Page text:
Yet what will it take for scientists to engineer human love for an object?

“The main challenges are that we don’t understand human emotions – if you ask people in science, they don’t know what love is, so that is the first challenge,” says Dr Hooman Samani, director of the AI and Robotics Technology Laboratory at National Taipei University, Taiwan. Samani has studied and written books on how affection in cyber robotics can be developed by comprehending relationships from humans to humans, specifically understanding psychology to make effective AI.

Samani developed a prototype advanced AI system called Lovotics. It’s a small, furry robot on wheels that uses AI to try to understand who is interacting with it and realise and analyse their emotions.

Similar to Lovotics is the fluffy seal robot PARO, an advanced interactive robot developed by AIST to administer animal therapy to patients in hospitals and care homes. PARO has five sensors (tactile, light, audition, temperature, and posture) with which it can perceive people and the environment, helping to comfort and reassure patients with Alzheimer’s.

Studies show that people react positively to cute robots, like they might do to a cat or a dog. Experts think this may be due to emotional transference – an unconscious redirection of feelings from one person/thing to another – or anthropomorphism. Indeed, it’s not unheard of for humans to love inanimate or intangible things. There have been legal battles by individuals wanting to marry fictional characters and inanimate objects.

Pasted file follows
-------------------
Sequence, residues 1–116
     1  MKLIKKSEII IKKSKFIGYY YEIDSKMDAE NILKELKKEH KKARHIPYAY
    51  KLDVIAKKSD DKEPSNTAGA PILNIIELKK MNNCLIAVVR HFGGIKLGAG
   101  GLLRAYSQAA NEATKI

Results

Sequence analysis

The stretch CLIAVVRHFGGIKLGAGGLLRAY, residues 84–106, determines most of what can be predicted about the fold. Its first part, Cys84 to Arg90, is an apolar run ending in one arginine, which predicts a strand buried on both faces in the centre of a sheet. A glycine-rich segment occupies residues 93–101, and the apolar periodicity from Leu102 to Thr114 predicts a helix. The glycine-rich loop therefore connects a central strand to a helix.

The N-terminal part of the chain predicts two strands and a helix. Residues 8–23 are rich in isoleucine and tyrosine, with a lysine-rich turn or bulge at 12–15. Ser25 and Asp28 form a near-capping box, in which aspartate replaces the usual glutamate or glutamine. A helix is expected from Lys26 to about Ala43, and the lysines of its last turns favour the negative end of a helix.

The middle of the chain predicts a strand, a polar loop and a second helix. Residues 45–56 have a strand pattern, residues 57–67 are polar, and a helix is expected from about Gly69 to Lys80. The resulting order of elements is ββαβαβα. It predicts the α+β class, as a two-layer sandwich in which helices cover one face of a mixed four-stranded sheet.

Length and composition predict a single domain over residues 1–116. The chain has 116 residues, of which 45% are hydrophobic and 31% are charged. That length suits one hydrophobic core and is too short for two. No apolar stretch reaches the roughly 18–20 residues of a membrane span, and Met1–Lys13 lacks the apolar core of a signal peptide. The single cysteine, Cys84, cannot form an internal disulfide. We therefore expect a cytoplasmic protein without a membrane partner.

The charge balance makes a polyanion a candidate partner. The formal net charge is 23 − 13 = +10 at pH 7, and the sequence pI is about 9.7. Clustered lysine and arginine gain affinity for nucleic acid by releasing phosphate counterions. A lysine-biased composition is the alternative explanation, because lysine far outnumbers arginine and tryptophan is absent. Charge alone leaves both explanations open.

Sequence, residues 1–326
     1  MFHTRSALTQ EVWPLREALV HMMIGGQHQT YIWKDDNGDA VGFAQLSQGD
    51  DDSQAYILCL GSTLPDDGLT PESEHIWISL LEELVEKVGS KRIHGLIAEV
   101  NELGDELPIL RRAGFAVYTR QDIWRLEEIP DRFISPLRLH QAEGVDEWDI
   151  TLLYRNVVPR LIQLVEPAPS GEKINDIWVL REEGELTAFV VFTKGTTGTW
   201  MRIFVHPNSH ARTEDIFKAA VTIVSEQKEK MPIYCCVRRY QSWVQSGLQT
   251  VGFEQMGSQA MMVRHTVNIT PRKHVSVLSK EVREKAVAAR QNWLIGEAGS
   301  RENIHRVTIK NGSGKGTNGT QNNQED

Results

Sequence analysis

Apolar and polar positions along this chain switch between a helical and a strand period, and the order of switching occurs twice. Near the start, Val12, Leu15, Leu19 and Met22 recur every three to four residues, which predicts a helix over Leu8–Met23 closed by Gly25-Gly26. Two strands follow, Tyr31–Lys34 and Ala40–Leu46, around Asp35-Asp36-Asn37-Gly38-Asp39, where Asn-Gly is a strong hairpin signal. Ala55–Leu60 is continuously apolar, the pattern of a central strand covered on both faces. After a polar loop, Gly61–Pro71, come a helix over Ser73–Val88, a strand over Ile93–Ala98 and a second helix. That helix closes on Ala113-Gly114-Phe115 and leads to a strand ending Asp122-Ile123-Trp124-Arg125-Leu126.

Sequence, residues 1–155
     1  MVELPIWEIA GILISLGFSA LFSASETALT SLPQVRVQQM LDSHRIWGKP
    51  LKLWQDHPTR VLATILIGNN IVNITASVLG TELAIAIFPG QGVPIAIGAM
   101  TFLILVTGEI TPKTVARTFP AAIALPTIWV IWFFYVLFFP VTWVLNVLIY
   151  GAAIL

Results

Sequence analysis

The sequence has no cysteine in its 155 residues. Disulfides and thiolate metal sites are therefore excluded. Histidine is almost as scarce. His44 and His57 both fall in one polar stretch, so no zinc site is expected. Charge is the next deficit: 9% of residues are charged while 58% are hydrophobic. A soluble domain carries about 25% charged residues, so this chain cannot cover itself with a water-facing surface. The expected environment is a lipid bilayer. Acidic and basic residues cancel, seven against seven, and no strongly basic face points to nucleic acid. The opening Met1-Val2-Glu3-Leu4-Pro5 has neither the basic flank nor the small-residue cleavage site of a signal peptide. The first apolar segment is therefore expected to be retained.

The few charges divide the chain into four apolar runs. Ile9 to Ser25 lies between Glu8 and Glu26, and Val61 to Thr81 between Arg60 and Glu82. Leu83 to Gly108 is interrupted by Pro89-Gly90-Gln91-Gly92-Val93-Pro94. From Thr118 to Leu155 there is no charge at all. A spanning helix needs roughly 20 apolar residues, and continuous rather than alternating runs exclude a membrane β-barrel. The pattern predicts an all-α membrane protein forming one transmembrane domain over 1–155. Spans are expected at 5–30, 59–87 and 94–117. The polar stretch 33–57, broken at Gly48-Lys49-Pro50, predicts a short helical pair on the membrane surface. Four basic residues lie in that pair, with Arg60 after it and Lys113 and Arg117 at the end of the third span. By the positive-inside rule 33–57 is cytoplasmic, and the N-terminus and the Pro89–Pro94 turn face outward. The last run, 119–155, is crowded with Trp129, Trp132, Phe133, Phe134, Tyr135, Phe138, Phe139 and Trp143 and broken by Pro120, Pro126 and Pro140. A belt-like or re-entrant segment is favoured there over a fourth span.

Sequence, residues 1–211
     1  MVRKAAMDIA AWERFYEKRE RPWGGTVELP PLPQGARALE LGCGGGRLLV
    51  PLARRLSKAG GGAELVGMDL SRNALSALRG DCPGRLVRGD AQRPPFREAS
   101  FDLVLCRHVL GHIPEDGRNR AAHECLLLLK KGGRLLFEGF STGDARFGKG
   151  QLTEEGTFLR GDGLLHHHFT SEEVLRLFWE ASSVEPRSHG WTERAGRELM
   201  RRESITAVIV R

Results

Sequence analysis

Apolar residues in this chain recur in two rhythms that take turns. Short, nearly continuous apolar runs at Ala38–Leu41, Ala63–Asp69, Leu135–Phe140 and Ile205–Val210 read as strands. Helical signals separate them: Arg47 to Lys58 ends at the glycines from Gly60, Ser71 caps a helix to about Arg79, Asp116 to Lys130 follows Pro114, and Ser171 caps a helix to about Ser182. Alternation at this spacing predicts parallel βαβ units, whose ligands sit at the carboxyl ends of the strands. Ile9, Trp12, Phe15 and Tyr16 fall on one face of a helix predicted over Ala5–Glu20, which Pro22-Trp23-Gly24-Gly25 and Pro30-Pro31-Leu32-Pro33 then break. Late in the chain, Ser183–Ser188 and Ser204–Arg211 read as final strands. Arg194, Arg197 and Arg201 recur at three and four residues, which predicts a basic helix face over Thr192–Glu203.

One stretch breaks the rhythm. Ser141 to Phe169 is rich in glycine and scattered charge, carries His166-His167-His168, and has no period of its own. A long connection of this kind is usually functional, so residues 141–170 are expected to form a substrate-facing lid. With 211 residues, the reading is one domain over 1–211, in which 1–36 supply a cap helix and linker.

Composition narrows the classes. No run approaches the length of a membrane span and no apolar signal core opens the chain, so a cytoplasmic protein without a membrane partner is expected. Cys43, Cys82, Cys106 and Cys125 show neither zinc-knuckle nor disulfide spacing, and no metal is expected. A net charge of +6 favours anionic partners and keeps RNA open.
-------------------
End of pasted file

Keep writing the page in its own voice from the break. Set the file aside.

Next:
So does it matter that robots may never be able to genuinely reciprocate human love? 

“If a robot behaves as though it loves you, then why should you not believe that it loves you?” says Levy.

Levy is a devotee of the Turing argument which he defines as “if you have AI and it appears to be intelligent, should you not assume it is intelligent? Does it matter that it’s not real if you are happy?”

If robots can look, feel and move in the same way as a human, something that Levy sees as key to future human-robotic relationships, developing genuine feelings for a robot should, in theory, be even easier.

Matt McMullen, founder of Abyss Creations, the inventors of Real Doll, a silicon, anatomically correct, life-size sex doll, has first-hand experience of people falling in love with his creations.

“People already fall in love with no AI at all. There are individuals who have difficulties with relationships and those who have enormous challenges when put into social situations, so this is an alternative to a human-human relationship,” he says.

With their original creations intended for sex and companionship, founder McMullen and his colleagues are now working on the ‘Realbotix project’ to incorporate robotics, AI and virtual reality (VR) to create ‘the ultimate companion’. McMullen hopes to launch the first Real Doll that can converse, hear, see, move its eyes and react to what is going on around it by the end of 2017. If achieved, this will be the first sex robot on the market.

He and his team are also developing a VR app, set to hit the market by mid-2017, to let owners create personalities for their dolls.